Easy Spanish for Traveling

Dear Sam,

Here are some important expressions for you to know if you’ll be traveling in Spanish!

Here are some important expressions for you to know if you’ll be traveling in Spanish!

If you’ve been following along for awhile you’ve likely seen some of our other articles about Spanish phrases in the expressions section of this blog, such as vale, no hay de que, and el mundo es un pañuelo. More recently, we’ve also been bringing you the “Word of the Week” on Instagram (be sure to follow us for this ongoing series in our stories!). However, while both of these can be super helpful if you’re living in Spain, the expressions we’ve brought you through these other means may not be immediately useful to the average traveler. Thus, today we’d like to hone in a bit on one topic and provide you a basic guide to the Spanish vocabulary you may need when traveling.

Disclaimer: We by no means pretend to present you with a complete guide of Spanish for traveling and there may certainly be other phrases of equal or greater use to you on your particular travels. However, we believe that it’s helpful (and respectful) to learn even just a bit of the local language of the country you’ll be traveling to so here’s a beginner’s guide to Spanish for traveling.

At the airport

Hola, quiero recoger la tarjeta de embarque. I’d like to check-in (and collect my boarding pass).

Ya he impreso mi billete. I’ve already printed my ticket.

¿Puedo elegir mi asiento? Can I choose my seat?

Prefiero el asiento del pasillo / de la ventana. I prefer the aisle / window seat.

Tengo que facturar una maleta. I have to check one bag.

Solo tengo equipaje de mano. I only have carry-on luggage.

At your accommodations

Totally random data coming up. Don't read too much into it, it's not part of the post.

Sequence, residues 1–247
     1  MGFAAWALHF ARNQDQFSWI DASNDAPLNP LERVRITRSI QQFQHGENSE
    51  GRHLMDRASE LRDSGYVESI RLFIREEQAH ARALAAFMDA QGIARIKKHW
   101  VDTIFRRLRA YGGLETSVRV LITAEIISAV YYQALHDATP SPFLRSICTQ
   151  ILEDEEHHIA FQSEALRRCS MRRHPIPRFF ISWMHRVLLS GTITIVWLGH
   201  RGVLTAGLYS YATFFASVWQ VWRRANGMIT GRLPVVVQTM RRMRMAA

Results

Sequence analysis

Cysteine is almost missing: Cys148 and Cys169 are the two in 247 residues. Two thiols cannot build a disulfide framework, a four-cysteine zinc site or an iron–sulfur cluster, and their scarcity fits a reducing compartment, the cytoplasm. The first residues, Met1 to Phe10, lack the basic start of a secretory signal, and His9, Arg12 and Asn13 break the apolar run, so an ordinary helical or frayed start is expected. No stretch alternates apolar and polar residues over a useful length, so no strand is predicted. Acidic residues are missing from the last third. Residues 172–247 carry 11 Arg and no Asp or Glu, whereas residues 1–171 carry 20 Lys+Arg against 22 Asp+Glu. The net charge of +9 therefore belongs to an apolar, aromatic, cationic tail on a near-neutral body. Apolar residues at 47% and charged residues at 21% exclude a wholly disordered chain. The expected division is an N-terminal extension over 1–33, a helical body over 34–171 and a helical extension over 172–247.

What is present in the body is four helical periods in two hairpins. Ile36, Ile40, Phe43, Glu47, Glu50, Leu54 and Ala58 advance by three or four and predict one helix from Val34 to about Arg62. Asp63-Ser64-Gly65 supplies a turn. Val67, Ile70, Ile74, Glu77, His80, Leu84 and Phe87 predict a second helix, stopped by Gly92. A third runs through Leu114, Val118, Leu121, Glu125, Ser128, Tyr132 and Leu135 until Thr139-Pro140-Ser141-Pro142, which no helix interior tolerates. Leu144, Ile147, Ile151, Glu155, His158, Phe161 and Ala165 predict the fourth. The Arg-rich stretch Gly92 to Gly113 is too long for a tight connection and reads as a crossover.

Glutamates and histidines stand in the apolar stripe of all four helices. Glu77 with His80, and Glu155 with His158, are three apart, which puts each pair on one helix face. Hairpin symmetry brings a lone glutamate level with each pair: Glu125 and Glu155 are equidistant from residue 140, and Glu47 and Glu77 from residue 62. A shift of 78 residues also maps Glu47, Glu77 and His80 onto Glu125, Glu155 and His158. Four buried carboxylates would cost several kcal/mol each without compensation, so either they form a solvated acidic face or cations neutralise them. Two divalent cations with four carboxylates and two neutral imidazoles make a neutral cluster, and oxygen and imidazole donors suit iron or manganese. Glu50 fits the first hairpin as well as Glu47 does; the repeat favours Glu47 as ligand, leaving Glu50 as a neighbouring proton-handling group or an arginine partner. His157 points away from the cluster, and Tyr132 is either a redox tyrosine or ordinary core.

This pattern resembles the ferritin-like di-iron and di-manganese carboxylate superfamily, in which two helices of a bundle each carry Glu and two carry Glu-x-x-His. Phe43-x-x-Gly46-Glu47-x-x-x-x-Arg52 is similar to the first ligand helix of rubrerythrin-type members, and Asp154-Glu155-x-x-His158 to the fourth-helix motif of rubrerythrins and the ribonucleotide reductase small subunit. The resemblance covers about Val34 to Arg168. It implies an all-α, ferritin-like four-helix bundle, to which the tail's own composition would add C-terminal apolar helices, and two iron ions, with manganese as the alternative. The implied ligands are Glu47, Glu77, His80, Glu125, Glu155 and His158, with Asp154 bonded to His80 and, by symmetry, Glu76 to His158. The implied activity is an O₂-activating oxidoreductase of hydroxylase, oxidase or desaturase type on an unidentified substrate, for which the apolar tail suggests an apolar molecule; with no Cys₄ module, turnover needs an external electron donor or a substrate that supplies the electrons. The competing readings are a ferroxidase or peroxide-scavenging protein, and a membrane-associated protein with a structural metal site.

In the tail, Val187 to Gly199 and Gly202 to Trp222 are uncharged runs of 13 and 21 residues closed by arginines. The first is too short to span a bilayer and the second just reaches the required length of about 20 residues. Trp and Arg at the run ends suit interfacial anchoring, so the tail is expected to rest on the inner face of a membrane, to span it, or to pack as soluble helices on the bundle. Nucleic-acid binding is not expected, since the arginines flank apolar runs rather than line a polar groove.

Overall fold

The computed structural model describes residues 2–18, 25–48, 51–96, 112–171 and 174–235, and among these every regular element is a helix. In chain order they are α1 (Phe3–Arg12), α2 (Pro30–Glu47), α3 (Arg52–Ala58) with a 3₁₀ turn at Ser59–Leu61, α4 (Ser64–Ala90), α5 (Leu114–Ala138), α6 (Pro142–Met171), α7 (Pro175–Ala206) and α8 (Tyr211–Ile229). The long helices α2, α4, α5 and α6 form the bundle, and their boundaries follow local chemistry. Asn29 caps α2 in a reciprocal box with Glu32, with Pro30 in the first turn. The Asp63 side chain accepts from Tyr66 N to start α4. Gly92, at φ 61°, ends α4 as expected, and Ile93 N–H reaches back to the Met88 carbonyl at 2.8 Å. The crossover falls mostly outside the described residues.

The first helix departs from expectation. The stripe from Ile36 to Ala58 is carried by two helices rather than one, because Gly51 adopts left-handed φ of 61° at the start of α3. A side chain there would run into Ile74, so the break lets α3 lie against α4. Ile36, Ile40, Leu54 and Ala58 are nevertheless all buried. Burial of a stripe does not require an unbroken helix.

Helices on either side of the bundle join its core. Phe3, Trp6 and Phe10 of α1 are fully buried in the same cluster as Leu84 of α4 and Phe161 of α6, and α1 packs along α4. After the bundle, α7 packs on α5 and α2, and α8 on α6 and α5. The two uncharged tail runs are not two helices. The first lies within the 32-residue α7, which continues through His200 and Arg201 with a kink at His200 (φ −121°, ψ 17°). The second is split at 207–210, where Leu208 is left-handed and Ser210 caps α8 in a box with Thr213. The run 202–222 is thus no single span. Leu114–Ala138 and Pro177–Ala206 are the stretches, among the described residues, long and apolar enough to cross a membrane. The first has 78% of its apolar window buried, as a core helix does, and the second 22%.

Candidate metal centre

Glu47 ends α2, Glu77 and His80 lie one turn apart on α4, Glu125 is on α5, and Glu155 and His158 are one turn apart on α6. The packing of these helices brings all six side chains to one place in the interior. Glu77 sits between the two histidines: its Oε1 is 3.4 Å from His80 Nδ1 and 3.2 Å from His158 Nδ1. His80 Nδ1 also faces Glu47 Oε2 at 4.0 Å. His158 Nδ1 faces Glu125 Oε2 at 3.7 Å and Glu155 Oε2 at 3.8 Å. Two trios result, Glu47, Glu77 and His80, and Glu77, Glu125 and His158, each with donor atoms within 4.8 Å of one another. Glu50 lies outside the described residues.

Hola, tengo una reserva a nombre de __. I have a reservation under the name __.

Aquí tienes mi pasaporte.* Here’s my passport.

¿Hay una piscina / un gimnasio / aparcamiento? Is there a pool / gym / parking?

Quiero hacer el check-out. I’d like to check-out.

¿Cuánto es? How much is it?

Quiero pagar con tarjeta / en efectivo. I’d like to pay with card / in cash.

Out exploring

¿Sabes dónde está el Hotel ___? Do you know where ___ Hotel is?

¿Sabes dónde está la catedral? Do you know where the cathedral is?

¿Sabes dónde está la oficina de turismo? Do you know where the tourist info office is?

¿Sabes dónde hay un buen restaurante? Do you know where there’s a good restaurant?

¿Me recomiendas un buen sitio para comer? Can you recommend a good place for me to eat?

¿Sabes dónde hay una farmacia? Do you know where there’s a pharmacy?

¿Hay alguna farmacia por aquí? Is there a pharmacy near here?

¿Me puedes echar una foto? Can you take my photo?

¿Hay un baño? Is there a bathroom?

¿Cuánto cuesta la entrada? How much does entrance cost?

¿Hay un descuento para jóvenes o estudiantes? Is there a youth or student discount?

Always useful

Buenos días. Good morning.

Buenas tardes. Good afternoon or evening.**

Perdona... Excuse me… [to get someone’s attention]

Permiso… Excuse me… [to pass someone]

(Muchas) gracias. Thank you (very much).

De nada. You’re welcome.

A tí. Alternative ‘you’re welcome’ = ‘no, thank YOU.’

Well, that’s all for now, I hope these expressions come in handy for you if you’re a first-time traveler in Spain (or other Spanish-speaking countries) or simply looking for a quick refresher before you catch your flight. Let us know if you enjoyed this guide and if you’d be interested in other similar guides for different situations in the future!

Sincerely,
Spain

*Please note that all of the following sentences with verbs that end in ‘s’ (tienes, sabes, puedes, etc) are given in the form rather than the usted form. This is the most common way to speak in Spain (even to people you don’t know) but you can certainly use the usted form if you prefer. Read our full explanation here.


**Buenas noches is not used as a greeting in Spanish! You would only say this as you are leaving somewhere or literally saying ‘good night’ when you or someone else is going to bed.

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